Our client tried to apply for social housing but was told she was ineligible. In 2007, her social housing tenancy was terminated due to allegations of illegal use, and she was classified as an ineligible former tenant. We obtained our client’s housing file and successfully helped her appeal the classification on the basis that the illegal use charges had been withdrawn in 2007. She also met the special conditions for being put back on the social housing list under DCJ policy, because her circumstances had significantly worsened. Our client was given priority classification and housed in a property with her carer daughter.

Afghan crisis response

The Taliban’s return to power in Afghanistan in August 2021 and the ensuing evacuation of Afghan citizens to Australia created a sudden surge in demand for legal services in NSW.

By 31 October 2021, our Refugee Service and Immigration Law team had provided over 450 services to clients seeking advice connected to the Afghanistan crisis. That included answering a high number of calls and emails from people in Afghanistan seeking help with evacuation before Kabul airport closed and advice on visa options to enter Australia. Permanent residents of Afghan descent also sought assistance getting loved ones to Australia.

We developed fact sheets on visa options and delivered community legal education sessions to over 600 people. Service demand has continued, with evacuees seeking advice about their long-term visa status in Australia and sponsoring family in Afghanistan to join them in Australia.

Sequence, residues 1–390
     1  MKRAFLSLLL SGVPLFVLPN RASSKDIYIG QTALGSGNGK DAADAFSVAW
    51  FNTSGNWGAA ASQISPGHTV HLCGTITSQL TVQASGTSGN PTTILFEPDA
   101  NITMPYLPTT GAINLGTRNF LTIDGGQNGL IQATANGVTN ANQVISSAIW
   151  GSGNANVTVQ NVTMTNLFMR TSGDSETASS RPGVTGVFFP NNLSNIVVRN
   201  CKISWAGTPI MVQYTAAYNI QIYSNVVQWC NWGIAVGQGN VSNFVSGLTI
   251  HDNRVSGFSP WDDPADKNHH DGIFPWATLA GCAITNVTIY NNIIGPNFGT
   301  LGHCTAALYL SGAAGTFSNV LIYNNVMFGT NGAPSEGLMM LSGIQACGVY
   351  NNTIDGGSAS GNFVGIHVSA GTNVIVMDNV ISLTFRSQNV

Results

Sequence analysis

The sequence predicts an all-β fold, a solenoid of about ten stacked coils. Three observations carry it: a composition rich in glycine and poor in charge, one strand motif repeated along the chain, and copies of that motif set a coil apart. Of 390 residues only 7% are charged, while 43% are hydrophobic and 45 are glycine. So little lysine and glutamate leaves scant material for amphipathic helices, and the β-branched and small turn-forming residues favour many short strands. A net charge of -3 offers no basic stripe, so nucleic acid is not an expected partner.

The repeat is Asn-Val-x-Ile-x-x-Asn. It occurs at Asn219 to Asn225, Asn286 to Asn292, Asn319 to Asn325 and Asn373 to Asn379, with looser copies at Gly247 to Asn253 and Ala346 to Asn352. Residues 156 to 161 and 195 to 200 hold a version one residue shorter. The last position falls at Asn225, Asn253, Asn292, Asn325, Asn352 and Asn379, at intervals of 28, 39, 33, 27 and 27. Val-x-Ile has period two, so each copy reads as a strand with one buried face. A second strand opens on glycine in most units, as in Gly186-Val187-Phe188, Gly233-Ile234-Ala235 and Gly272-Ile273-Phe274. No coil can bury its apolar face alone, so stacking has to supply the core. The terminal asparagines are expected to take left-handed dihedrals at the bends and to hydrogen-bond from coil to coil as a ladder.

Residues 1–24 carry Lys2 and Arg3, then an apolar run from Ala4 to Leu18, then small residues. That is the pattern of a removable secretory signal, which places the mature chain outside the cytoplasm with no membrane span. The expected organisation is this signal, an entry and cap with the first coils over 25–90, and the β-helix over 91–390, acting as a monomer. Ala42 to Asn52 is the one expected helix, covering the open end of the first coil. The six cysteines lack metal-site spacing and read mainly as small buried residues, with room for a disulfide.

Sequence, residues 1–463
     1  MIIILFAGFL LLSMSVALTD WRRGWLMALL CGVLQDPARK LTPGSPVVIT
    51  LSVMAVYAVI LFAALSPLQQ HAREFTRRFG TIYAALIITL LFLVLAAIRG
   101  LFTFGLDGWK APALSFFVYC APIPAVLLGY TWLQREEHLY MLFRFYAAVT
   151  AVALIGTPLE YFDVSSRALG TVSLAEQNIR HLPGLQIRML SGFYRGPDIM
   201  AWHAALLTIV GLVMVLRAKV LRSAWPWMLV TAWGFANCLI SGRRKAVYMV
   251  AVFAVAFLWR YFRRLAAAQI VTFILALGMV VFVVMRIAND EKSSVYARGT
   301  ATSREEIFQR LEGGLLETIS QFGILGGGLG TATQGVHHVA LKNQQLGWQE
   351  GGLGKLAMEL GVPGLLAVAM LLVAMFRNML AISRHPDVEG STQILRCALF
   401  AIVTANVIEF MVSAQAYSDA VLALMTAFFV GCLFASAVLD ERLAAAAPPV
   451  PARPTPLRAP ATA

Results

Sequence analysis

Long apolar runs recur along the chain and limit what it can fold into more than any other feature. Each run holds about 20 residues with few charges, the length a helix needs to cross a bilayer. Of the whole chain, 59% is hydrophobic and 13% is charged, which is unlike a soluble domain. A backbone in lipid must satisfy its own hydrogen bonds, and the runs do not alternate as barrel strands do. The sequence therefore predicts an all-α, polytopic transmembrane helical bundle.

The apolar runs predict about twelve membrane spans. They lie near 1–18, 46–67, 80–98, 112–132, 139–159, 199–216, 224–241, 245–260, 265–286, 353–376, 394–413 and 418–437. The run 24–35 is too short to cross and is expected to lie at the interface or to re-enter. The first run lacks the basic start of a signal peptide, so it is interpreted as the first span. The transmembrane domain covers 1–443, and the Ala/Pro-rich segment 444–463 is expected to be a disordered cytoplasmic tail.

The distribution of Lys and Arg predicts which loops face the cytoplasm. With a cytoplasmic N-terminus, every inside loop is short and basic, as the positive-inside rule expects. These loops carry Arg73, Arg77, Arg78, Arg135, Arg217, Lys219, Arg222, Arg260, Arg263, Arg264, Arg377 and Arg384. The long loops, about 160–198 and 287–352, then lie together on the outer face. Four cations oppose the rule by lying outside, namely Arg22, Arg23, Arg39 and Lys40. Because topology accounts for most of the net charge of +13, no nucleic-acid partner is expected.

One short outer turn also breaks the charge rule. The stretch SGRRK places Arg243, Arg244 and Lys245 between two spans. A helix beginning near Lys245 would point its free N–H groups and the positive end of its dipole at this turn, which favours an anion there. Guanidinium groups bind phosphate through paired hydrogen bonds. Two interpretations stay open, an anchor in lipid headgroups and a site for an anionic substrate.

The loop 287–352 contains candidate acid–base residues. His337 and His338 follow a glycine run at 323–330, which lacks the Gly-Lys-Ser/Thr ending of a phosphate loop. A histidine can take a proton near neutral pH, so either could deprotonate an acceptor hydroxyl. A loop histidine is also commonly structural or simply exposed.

Supporting interpreters to assist our clients

Our Community Legal Education team ran seven live webinars for interpreters in 2021–2022 about understanding legal words. Sessions supported them to interpret tricky concepts like ‘injunction,’ ‘arraignment’ or even ‘leave [of the court]’.

Story iconFee-free birth certificates for vulnerable people born in NSW

Having a birth certificate is critical for people like Damien* to access core government services and participate in society. Damien is a long-term rough sleeper and regular at Soul Café in Newcastle, which provides meals and support daily for people experiencing disadvantage.

This year, Damien attended a birth certificate clinic organised by the Legal Aid NSW Cooperative Legal Service Delivery (CLSD) program and Soul Café. The clinic was made possible thanks to a new partnership between the CLSD program and the NSW Registry of Births, Deaths, and Marriages that aims to make fee-free birth certificates available to vulnerable people born in NSW who live in regional and remote areas and face significant barriers to obtaining their birth certificate.

Outside of meals, this was the first event Damien had ever attended. After completing his application, Damien reported that the event had given him the confidence to renew other identification like his Medicare and pension cards. Damien also made an appointment with a bank and asked for support to open an account. Opening a bank account will allow Damien to access Centrelink benefits.

Damien said that the process of applying for a birth certificate and the respectful encouragement and support that he received from the lawyers led him to take steps to change his circumstances, that he may not have taken otherwise.

*name has been changed